Skip to main content

Made by a Fabricista: Mint Wool Jill Coatigan and Double Knit Rivermont Dress

Hello Fabricistas! It's Meg from Cookin' and Craftin' and I've got a two-for-one post for you today... a coat and a dress, perfect for the chilly weather.


First, the coat: this is the Jill Coatigan from Seamwork, which Seamwork describes as "an easy-to-sew, over-sized coatigan that can be made in chunky sweater knits and thick wool coatings."




Size-wise, I opted for a large. My measurements put me at the high end of large for the bust and the low end of XL at the hip. I'm happy with the fit, although, especially in this fabric, I'm finding Jill to be more coat than cardigan. If I wanted a cardigan or was planning to use a stretchier fabric, I would probably go down a size.


The fabric I used is a fun mint colored wool/poly blend boiled wool knit from Fabric Mart, of course. It's a low-stretch knit that I just treated like a woven, essentially. It has a cool nubby texture on the outside and more of a stable knit look on the wrong side. The mint is outside of my normal color palette, but it has a very pleasant ice-queen-y feel to it that I like!


The Jill coatigan is unlined, so to make the insides look nice, I bias bound all of the seams and edges with printed quilting cotton bias tape leftover from last summer. I hand sewed the sleeves and hem,which is very unlike me, but looks very nice. The thick, nubby wool absorbed my messy stitches very well and the final result looks pretty nice!


I love my mint boiled wool coat(igan)! It's quite cozy and warm. The angled patch pockets are perfect for keeping your hands warm and the shawl collar lays quite nicely. The mint color is just lovely and fun to wear, although I do worry about spilling coffee on it every morning!


Now, the dress: this is the Cashmerette Rivermont, which is designed for heavier knits like ponte, double knit or scuba, is described as "fitted sheath dress with slash pockets and optional kick pleat."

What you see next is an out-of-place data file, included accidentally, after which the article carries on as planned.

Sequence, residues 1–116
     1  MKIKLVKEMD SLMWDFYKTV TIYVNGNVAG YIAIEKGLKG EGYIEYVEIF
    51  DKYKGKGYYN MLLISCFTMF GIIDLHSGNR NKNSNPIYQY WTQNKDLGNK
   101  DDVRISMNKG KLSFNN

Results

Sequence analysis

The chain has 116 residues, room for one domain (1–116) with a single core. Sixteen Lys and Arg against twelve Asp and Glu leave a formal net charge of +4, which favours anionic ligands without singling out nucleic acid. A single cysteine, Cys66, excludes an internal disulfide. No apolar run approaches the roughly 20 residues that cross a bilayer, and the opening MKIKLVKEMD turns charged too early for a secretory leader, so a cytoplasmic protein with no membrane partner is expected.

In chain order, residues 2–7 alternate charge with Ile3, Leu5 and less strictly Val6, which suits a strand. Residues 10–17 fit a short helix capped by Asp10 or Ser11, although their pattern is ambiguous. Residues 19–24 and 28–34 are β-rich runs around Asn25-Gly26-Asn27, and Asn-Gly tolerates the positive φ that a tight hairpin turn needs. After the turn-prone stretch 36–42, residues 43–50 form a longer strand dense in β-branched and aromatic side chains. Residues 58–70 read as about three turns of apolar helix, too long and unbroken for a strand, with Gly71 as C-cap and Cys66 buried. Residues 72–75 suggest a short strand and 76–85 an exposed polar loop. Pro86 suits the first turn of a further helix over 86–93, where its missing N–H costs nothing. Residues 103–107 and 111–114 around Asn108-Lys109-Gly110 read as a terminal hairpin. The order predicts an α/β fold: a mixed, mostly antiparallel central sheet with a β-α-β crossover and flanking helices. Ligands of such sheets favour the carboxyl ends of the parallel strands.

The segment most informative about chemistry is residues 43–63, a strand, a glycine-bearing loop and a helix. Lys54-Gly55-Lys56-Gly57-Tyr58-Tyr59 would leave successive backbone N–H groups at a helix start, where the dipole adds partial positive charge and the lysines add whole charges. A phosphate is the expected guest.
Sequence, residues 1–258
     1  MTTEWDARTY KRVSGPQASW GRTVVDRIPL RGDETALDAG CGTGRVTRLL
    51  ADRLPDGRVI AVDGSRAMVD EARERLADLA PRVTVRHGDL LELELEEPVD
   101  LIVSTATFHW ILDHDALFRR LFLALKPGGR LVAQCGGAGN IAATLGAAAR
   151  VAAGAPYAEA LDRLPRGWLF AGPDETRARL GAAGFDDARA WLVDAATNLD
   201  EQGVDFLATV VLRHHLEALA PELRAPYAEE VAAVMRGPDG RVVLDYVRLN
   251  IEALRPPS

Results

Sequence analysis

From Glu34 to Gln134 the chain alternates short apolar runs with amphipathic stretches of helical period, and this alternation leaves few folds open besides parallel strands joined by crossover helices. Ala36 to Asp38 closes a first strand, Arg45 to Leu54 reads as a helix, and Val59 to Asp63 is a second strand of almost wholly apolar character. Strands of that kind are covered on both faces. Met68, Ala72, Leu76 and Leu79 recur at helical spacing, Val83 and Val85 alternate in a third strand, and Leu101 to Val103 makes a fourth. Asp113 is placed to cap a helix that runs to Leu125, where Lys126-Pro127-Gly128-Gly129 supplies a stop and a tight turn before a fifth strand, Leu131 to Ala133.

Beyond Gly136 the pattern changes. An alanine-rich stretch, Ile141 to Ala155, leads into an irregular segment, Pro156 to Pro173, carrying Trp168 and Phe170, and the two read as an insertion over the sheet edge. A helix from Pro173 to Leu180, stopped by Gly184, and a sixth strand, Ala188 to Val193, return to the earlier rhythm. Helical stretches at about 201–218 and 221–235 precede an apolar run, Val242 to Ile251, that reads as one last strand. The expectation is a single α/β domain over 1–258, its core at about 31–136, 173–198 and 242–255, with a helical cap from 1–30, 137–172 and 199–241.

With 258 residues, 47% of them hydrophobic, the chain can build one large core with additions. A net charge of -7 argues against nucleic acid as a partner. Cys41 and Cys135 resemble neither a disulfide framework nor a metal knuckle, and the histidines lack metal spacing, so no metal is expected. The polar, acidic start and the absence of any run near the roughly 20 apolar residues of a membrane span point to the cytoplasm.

The Rivermont has a lovely high neckline, lots of darts for shaping in the bust, back and skirt, and three sleeve lengths, and no closures (yas!). Of course it has Cashmerette's signature cup sizes.



For my dress, the fabric I chose from Fabric Mart is a cool crinkly double knit in a cotton/poly/lycra blend, which is sadly now sold out (but Fabric Mart has tons of other double knits and ponte fabrics perfect for the Rivermont). I love the matte crinkle texture of this fabric and the blend makes it a very wearable weight and feel.


This Rivermont is a size 16 C/D with the long sleeves. The fit is pretty great right out of the envelope. I especially like the fit and look of this dress in the back, which I don't often say!


Construction-wise, I stuck with Jenny's instructions, which were great, as usual. I did one additional step, which is to stitch-in-the-ditch at each dart to get the waist seam to stay pressed downwards. Speaking of pockets, next time I might use a thinner material for my pocket facing to reduce bulk.


I really like my final Rivermont dress, though! A little bit more conservative, style-wise, than I typically go for, but quite useful. I think I'll likely punch it up with a loud blazer or big necklace when I wear it to work. It will be a great dress for giving presentations or representing my department at big meetings, etc.


My Rivermont dress and Jill Coatigan are a great pairing! Thanks for the gorgeous fabrics, as usual, Fabric Mart!


Comments

  1. Meg, your makes are lovely. I have a very similar tan heavy wool knit from Fabric Mart that I am on the verge of making into a cardigan similar to this one, but truly more of a cardigan style. You have really inspired me with the finishing of the seams. Wow! Both makes together look very classic and the mint looks terrific on you.

    ReplyDelete
  2. Both of these are stunning pieces! And the fit on your dress is superb! Please send to me if you ever get tired of wearing them!!!

    ReplyDelete